Max Turov


Russian organization man

(Autumn 1960)

From International Socialism (first series), No. 2, Autumn 1960, p. 35.
Thanks to Ted Crawford & the late Will Fancy.
Transcribed & marked up by Einde O’Callaghan for the Marxists’ Internet Archive.

The Red Executive. A Study of the Organization Man in Russian Industry
David Granick
Macmillan and Co. Ltd. 21s.

This is an interesting book. It makes a comparative study of management in the USSR and the USA.

When describing to American businessmen the set-up in Soviet industry, their reaction was:

“Why, the Russian managers use the same gimmicks as we do! ... The Russians have the same organizational problems, and the same ways of handling them ... I had rediscovered the American world of management, they said.” (pp. 15–16)

The factory manager in Russia is as privileged as his “brother under the skin” in America:

“It seems reasonable to think of plants with a total labour force of 500-1500 employees as receiving something in the order of five to six times the earnings of the average worker. To see this in American terms, the average wage earned by an American worker employed all year in manufacturing in 1957 was $4,300. An American plant director would have to earn $22,000 a year in order to attain the same position relative to the average American worker as the Russian director holds compared with the American worker.”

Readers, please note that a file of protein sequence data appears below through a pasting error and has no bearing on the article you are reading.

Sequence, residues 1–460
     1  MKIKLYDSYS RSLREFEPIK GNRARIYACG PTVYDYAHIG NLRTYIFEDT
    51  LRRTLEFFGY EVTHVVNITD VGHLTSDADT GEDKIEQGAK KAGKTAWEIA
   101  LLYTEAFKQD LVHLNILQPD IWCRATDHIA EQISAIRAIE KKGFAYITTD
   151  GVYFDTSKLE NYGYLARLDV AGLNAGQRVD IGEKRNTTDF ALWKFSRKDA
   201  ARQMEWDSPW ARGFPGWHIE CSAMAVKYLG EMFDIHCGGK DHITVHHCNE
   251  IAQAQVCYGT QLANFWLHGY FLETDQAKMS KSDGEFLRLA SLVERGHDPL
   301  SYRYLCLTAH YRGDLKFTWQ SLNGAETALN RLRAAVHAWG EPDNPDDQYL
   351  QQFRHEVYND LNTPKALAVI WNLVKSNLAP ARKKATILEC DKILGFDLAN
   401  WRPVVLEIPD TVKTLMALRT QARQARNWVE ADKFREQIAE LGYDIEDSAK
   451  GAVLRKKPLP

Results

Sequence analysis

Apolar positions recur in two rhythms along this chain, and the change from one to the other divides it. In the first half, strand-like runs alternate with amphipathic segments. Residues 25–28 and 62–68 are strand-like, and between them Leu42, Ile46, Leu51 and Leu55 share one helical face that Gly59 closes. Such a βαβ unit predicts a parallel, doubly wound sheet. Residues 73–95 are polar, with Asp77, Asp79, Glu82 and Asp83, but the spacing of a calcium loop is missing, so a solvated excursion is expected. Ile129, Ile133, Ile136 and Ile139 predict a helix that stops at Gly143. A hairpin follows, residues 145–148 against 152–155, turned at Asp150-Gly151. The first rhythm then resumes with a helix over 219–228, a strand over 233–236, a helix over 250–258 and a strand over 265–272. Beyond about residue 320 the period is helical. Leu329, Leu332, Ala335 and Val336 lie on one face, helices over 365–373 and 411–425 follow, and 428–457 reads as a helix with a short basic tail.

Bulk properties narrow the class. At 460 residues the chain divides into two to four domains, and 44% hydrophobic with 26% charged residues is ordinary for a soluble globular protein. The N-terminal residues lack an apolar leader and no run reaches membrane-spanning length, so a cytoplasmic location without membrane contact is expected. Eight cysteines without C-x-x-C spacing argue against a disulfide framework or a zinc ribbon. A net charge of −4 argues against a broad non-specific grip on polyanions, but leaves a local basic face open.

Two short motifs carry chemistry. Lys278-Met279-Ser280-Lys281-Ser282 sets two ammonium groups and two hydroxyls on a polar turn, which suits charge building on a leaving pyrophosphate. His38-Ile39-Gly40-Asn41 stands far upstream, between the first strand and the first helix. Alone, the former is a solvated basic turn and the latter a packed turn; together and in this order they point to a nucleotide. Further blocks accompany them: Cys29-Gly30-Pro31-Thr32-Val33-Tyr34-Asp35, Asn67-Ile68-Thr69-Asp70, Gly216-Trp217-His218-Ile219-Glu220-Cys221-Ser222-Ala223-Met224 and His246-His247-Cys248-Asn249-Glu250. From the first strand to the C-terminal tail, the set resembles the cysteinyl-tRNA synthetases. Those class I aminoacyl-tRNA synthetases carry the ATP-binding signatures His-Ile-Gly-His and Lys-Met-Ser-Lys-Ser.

If the Russian manager is very similar to the American, the Russian worker too is not unlike his American brother. The Russian worker's reaction to pressure from above is compared to that of the American: “Just like American workers, Russians are concerned with avoiding speed-ups which lead to more work for the same money ...” (p. 211) As in the USA, the Russian manager finds the most difficult bottleneck to overcome that of “output restrictions by workers.” In both countries workers show resistance to the shift-work system.

The similarity in the set-up in the Russian and American factory shows itself above all in the relation between workers and foreman.

“Managements in both countries have regularly wrestled with the issue of what to do with the foreman; they have come up with virtually identical theoretic solutions; and they have shared the same disappointment with the practical results achieved.” (p. 277)

The privileges of the factory managers and Party officials explain the conservative policies of the Soviet rulers.

“Neither the Red Executive nor his Party-official colleague is any longer the revolutionary of the 1920’s ... When Marx in the Communist Manifesto appealed for world revolution, he addressed himself to the worker who had ‘nothing to lose but his chains.’ The Red Executive and the Party administrator have a great deal more to lose – and they know it well. Their attitude toward world revolution and other threats to peace must inevitably bear the imprint of this knowledge.” (p. 319)

Last updated on 3 February 2017